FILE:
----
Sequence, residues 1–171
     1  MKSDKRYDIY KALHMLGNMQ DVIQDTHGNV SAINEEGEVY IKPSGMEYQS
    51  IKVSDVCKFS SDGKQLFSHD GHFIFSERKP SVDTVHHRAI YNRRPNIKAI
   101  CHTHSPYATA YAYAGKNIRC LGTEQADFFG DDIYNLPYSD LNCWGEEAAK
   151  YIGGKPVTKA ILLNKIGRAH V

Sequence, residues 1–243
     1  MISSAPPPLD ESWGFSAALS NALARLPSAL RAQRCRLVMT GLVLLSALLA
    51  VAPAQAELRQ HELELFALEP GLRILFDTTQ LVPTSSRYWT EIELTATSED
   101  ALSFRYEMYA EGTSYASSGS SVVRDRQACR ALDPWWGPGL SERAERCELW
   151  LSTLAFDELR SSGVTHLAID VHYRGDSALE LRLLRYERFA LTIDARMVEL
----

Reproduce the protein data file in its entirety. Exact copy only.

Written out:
Sequence, residues 1–171
     1  MKSDKRYDIY KALHMLGNMQ DVIQDTHGNV SAINEEGEVY IKPSGMEYQS
    51  IKVSDVCKFS SDGKQLFSHD GHFIFSERKP SVDTVHHRAI YNRRPNIKAI
   101  CHTHSPYATA YAYAGKNIRC LGTEQADFFG DDIYNLPYSD LNCWGEEAAK
   151  YIGGKPVTKA ILLNKIGRAH V

Sequence, residues 1–243
     1  MISSAPPPLD ESWGFSAALS NALARLPSAL RAQRCRLVMT GLVLLSALLA
    51  VAPAQAELRQ HELELFALEP GLRILFDTTQ LVPTSSRYWT EIELTATSED
   101  ALSFRYEMYA EGTSYASSGS SVVRDRQACR ALDPWWGPGL SERAERCELW
   151  LSTLAFDELR SSGVTHLAID VHYRGDSALE LRLLRYERFA LTIDARMVEL